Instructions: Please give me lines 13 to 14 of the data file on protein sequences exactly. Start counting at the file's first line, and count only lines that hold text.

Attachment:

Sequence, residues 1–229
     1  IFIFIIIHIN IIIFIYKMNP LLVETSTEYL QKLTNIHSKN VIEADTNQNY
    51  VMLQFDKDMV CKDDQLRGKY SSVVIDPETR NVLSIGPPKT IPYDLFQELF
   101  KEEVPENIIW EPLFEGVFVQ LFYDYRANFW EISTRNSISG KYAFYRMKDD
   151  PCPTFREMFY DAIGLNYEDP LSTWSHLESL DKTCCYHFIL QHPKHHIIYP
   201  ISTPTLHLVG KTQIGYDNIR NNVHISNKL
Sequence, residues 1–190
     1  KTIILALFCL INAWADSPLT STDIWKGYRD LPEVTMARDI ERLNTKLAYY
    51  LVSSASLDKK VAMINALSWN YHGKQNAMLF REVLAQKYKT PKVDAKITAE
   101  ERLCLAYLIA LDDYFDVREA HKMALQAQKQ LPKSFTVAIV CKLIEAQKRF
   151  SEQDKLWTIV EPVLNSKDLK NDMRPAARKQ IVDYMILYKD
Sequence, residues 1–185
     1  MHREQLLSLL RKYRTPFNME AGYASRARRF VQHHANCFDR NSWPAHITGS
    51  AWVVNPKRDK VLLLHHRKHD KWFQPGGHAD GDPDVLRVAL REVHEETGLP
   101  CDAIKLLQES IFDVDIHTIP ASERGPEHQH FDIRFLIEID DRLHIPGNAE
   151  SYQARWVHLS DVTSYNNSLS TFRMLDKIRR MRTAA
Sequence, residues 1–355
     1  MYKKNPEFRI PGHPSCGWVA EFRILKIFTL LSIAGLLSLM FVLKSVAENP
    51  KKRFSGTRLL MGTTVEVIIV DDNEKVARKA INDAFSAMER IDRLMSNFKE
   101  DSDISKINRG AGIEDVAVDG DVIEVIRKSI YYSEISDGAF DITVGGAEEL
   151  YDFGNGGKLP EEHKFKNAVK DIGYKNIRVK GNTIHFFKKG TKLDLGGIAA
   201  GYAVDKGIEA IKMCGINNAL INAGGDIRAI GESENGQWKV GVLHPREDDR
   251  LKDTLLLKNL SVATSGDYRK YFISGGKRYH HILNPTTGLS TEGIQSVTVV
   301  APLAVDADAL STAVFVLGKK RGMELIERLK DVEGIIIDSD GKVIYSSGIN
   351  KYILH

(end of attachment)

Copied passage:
     1  MHREQLLSLL RKYRTPFNME AGYASRARRF VQHHANCFDR NSWPAHITGS
    51  AWVVNPKRDK VLLLHHRKHD KWFQPGGHAD GDPDVLRVAL REVHEETGLP